Theo removed the wax seal like it was surgery, like he expected it might explode. Oboe sat on the other side of the desk, waiting for him to finish reading the letter.
“What’s up?” Oboe said, unable to wait any longer.
“Governor Farbend wants me to speak to a Dr. Stillwell at the University as soon as possible.”
“The university?” She was confused. “What’s that got to do with your job here?”
Theo looked disturbed. “It says there’s a strange disease spreading in the city.” He scanned the letter again in more detail. “It’s believed Red Caps may be involved. This sounds dire. I was hoping it could wait until tomorrow, but it can’t.” He pulled his grocery list off the bulletin board. “Not how I wanted to spend today, but at least I’ll be able to run my errands while I’m out.” He sighed. “I should get going. But before I go, there’s something I want to discuss with you.”
“Wait!” Oboe almost jumped. “I should go with you!”
“That’s not necessary,” Theo said. ” That wouldn’t be fair to you. It’s your day off, remember?”
Oboe screamed inside her head. Why did this have to be so hard?
“Anyway,” Theo said before she had a chance to argue. “I wanted to remind you that you still haven’t picked up your back pay.”
Opening a cabinet, Theo fished out a hefty drawstring purse and handed it to her. “Five thousand thalers. All the wages you earned for the last month and a half.”
Oboe sniffed at it with suspicion. “What am I supposed to do with this?”
“It’s money,” Theo said, exasperated. “You buy things with it.”
She frowned at the heavy coin-filled bag, feeling helpless.
“Please take it,” he said. “You can’t just keep letting this pile up. I made a point to budget for your salary. You’re a servant of the crown and entitled to fair compensation.”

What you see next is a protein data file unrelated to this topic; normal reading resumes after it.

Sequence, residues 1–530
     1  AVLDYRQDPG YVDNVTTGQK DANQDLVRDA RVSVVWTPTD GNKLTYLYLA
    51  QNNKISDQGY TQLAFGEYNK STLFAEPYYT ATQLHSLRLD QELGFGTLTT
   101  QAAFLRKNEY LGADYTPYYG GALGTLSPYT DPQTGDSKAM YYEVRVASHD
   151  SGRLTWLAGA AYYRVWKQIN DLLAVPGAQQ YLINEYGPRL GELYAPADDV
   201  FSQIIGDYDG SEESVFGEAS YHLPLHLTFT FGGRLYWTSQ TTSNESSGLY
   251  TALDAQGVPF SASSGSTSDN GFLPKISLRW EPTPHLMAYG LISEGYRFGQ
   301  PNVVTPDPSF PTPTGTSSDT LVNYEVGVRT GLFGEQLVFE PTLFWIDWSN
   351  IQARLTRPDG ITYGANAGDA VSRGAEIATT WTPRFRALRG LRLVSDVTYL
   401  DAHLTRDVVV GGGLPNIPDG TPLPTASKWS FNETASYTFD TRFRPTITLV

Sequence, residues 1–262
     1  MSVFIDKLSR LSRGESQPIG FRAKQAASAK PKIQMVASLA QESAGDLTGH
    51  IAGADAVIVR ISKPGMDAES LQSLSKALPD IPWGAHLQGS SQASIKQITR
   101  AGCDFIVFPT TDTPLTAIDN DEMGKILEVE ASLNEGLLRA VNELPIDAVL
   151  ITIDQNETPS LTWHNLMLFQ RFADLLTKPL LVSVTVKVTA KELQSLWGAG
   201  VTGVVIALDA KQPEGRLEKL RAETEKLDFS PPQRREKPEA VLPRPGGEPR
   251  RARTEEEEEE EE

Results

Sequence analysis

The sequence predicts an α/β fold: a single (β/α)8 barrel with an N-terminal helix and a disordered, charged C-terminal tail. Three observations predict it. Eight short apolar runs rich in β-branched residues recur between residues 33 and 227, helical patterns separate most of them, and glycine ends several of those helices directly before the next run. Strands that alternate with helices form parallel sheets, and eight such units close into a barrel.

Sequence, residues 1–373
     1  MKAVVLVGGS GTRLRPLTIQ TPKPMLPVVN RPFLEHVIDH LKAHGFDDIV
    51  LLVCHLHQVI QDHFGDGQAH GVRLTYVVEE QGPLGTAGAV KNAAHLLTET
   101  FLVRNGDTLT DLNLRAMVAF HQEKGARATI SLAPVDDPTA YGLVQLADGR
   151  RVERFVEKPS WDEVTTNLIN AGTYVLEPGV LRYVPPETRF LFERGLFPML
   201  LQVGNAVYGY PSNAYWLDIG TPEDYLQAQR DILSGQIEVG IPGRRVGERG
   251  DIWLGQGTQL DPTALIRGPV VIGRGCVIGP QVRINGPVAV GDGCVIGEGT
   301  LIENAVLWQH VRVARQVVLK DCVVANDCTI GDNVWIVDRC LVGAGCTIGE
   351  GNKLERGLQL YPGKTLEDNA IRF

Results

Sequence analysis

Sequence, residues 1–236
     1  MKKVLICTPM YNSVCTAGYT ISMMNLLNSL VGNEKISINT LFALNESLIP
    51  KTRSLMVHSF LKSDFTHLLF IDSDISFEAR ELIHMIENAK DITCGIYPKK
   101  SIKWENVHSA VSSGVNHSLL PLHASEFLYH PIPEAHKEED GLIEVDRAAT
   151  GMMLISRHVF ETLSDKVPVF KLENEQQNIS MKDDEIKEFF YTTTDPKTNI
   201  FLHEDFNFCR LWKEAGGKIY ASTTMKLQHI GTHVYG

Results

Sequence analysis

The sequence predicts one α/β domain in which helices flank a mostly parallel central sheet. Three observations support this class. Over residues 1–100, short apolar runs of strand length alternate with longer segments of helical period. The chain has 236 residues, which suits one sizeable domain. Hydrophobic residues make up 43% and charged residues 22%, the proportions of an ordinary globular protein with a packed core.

Oboe tried to hand it back, but Theo was ready. He backed off, arms folded. She set the pouch on his head.
“You can keep it,” she said. “I’ve got nowhere to spend it. I just want to help you make the Whirlwood better.”
Grumbling, Theo rolled the bag back into his hand. “There’s plenty of things for you to buy in the capital.”
“But you’re leaving without me!”
“You don’t need me to go to the city,” Theo said, holding out the purse. “You have a visa. You know how to use the trolleys now. There’s a lot to see and do in the capital! Not all creatures make this kind of money. You should enjoy it.”
Oboe scowled at the bag of money. She thought about going to the city alone and it just felt sad. “I’ll make you a deal,” she said. “I’ll keep the money if you take me with you.”
“You’re being ridiculous,” he said.
“Why won’t you take me with you??” Oboe said, feeling hurt.
Theo pinched the bridge of his nose. “It’s just… we’re co-workers, right? I’m your boss. It’s not proper for us to fraternize during our time off.”
“Administrative guidelines say it’s a bad idea,” Theo said.
“But WHY is it a bad idea?” Oboe said.
“I don’t know!” Theo said. “It just makes things more complicated.”
“I’m okay with that.” He was the one making things complicated. “Please let me come with you! Laien is big and scary and I feel a lot better with you there. I like helping you. I don’t want to stop just because it’s the wrong day of the week.”
Theo’s arms sagged and his eyes softened. “Alright,” he said. “Fine. You can come. Just, please take your pay. I don’t want the Governor to think I’m embezzling.”
Oboe snatched the bag and looped it over her shoulder. Dancing out the front door, she could not wait to get started.